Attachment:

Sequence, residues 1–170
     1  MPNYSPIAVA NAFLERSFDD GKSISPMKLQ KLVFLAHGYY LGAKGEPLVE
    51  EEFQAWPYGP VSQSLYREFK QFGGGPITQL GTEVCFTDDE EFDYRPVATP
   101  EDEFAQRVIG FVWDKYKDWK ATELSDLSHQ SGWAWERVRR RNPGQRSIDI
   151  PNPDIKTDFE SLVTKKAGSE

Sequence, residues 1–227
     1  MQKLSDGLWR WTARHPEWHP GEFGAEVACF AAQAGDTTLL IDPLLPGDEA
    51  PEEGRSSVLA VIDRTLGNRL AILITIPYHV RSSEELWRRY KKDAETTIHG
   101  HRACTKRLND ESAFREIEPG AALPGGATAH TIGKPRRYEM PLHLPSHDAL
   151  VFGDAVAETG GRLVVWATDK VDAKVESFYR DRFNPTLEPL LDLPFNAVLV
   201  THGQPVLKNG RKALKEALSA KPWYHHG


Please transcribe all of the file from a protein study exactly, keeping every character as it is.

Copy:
Sequence, residues 1–170
     1  MPNYSPIAVA NAFLERSFDD GKSISPMKLQ KLVFLAHGYY LGAKGEPLVE
    51  EEFQAWPYGP VSQSLYREFK QFGGGPITQL GTEVCFTDDE EFDYRPVATP
   101  EDEFAQRVIG FVWDKYKDWK ATELSDLSHQ SGWAWERVRR RNPGQRSIDI
   151  PNPDIKTDFE SLVTKKAGSE

Sequence, residues 1–227
     1  MQKLSDGLWR WTARHPEWHP GEFGAEVACF AAQAGDTTLL IDPLLPGDEA
    51  PEEGRSSVLA VIDRTLGNRL AILITIPYHV RSSEELWRRY KKDAETTIHG
   101  HRACTKRLND ESAFREIEPG AALPGGATAH TIGKPRRYEM PLHLPSHDAL
   151  VFGDAVAETG GRLVVWATDK VDAKVESFYR DRFNPTLEPL LDLPFNAVLV
   201  THGQPVLKNG RKALKEALSA KPWYHHG